8

Since asking a similar question, which is really exclusively about using KERNAL to transfer between disk drive and computer, comments, answers and others hint at the fact that using the KERNAL really is not a good way to achieve what I'm after. This gave rise to a meta discussion, the upshot of which is that we're better off with a separate Q&A to detail the other options.

My requirements is that I need to have a usable amount of RAM available to me on the floppy drive so I can run a program on it. I should like to leave some time spare on the C64 also, because if the host computer spends the whole time transferring data, that would defeat the point ☺. In my case, I should need to transfer around 40 bytes per frame in the hostward direction, and a handful of bytes in the other direction per frame.

  • One problem is that you may run into is that the faster you transfer data, the more CPU time is spent on both ends bitbanging the data across the serial bus. At some point you'd lose any advantage of using the 1541 CPU as a coprocessor. – Ross Ridge Mar 9 at 20:34
  • Burst mode to a burst capable device, like C1571, may be more realistic option. – Brian H Mar 9 at 20:37
  • What's a usable amount of RAM? You're starting with only 2kb if memory serves. Otherwise, key observation: the 1541 and the C64 are very close to the same clock speed, so you should seriously consider using both the data and clock lines as data, if you can persuade yourself that the inevitable drift won't cause a fault within 40 bytes. – Tommy Mar 9 at 20:38
  • 1
    This is an extrem broad question - unless you narrow the requirements down a bit more - like what interface is to be used, what kind of messages and basic protocol requirements. -- In general I could think of a host clocked transfer, much like Supercat suggested, leaving the path set by Commodore. With fixed formats and sequences, using ATN and SRQ for protocol handling. – Raffzahn Mar 9 at 20:41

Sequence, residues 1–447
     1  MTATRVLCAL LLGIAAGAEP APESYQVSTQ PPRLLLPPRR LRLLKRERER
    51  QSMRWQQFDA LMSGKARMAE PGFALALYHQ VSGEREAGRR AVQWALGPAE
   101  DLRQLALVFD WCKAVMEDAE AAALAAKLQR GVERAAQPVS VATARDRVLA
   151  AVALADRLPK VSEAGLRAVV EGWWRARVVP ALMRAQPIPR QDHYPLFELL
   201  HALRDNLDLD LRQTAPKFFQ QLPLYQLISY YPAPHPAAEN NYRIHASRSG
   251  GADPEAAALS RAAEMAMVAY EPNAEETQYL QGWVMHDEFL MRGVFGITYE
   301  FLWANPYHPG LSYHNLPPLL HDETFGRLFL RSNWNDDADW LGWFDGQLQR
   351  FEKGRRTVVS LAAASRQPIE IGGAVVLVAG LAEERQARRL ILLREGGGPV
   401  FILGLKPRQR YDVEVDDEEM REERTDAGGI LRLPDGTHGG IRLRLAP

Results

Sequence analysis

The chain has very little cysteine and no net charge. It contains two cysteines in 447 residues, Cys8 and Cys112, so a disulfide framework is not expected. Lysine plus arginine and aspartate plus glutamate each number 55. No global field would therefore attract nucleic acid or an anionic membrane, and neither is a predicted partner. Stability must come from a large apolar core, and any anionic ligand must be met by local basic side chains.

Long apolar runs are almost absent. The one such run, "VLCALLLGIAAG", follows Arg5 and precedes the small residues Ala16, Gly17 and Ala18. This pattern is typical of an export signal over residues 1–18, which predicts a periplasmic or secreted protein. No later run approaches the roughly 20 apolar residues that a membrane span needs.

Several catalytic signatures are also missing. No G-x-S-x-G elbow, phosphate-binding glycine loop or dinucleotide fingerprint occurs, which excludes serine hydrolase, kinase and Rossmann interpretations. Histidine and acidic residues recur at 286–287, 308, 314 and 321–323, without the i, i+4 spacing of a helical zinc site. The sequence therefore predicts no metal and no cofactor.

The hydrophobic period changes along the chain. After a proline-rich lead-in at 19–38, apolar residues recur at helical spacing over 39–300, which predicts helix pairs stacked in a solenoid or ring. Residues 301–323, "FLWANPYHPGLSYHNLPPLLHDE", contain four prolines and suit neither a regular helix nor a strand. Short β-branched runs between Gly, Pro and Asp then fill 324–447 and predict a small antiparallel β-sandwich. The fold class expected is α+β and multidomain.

• 1
    A 1581 has 8 KB of RAM. – Tim Locke Mar 9 at 21:29
4

SJLoad is a JiffyDos-compatible fast loader that goes faster by disabling the display; its per-byte loop is:

ltransferbyte:
    nop     ; timing critical section
    nop
    nop
    nop
    lda #$03
    ldx #$23
    stx $dd00   ; data=active,clock=inactive,ATN=inactive
    bit $dd00
    bvc lloadinnerloop  ; branch if 1541 sets clock active (needs to load next block)
    nop
    sta $dd00   ; set data inactive
    lda $dd00   ; read bits 1/0
    nop
    lsr
    lsr
    eor $dd00   ; read bits 3/2
    bit $00     ; burn cycles
    lsr
    lsr
    eor $dd00   ; read bits 5/4
    bit $00     ; burn cycles
    lsr
    lsr
    eor $dd00   ; read bits 7/6
    eor #$03
    sta ($ae),y ; store byte
    inc $ae     ; load address lo
    bne ltransferbyte
    inc $af     ; load address hi
    jmp ltransferbyte

I count that as:

  • nop, nop, nop, nop: 2+2+2+2 = 8
  • lda #, ldx#: 2+2 = 4
  • stx abs, bit abs: 4+4 = 8
  • bvc, untaken: 2
  • nop, sta abs, lda abs: 2+4+4 = 10
  • nop, lsr, lsr: 2+2+2 = 6
  • eor abs, bit zp, lsr, lsr: 4+3+2+2 = 11
  • eor abs, bit zp, lsr, lsr: 4+3+2+2 = 11
  • eor abs, eor imm: 4+2 = 6
  • sta (ind), y: 6
  • inc zp: 5
  • bne, taken 255/256 of the time: 3 * (255/256) + 1 * (1/256) = 770/256
  • inc zp, occurs 1/256 of the time: 5 * (1/256) = 5/256
  • jmp abs, occurs 1/256 of the time: 3 * (1/256) = 3/256

= an average of 80 and 10/256 cycles per byte.

So to transfer 40 bytes we're talking 3202 cycles, which is about 50.8 lines on the worst case of machines with a 63-cycle line length. That fits into the vertical border, even with setup costs, and appears to write fully-decoded bytes so there's no additional buffer processing. Supposing you lose 55 lines transferring bytes with a naive 'add ~10%' back-of-an-envelope guess and you're still looking at almost 80% of a frame being free for other tasks even on an NTSC machine.

So my advice is: crib what you can from JiffyDOS as far as a transfer protocol goes, as it seems to match at least your performance requirements.

| improve this answer | |
  • As far as I understand it the question is about data transfer with display not only enabled, but updated by the data received as well. – Raffzahn Mar 9 at 21:52
  • Good answer. Installing standard JiffyDOS into the C64 and drive would probably be the first thing I'd try. If both drive and host lose max. 25% to the transfer overhead, and the host can do it without being affected by any interrupts or VIC-II bad lines, then seems pretty predictable to work within those constraints for the rest of the 75% per frame available on both CPUs. Plus you have VBLANK time. Trouble is figuring out how to have user code coexist nicely with JiffyDOS code, which I'm sure uses some of the 2kB in the 1541. Who knows? It might even suck up the whole zero page. – Brian H Mar 9 at 22:52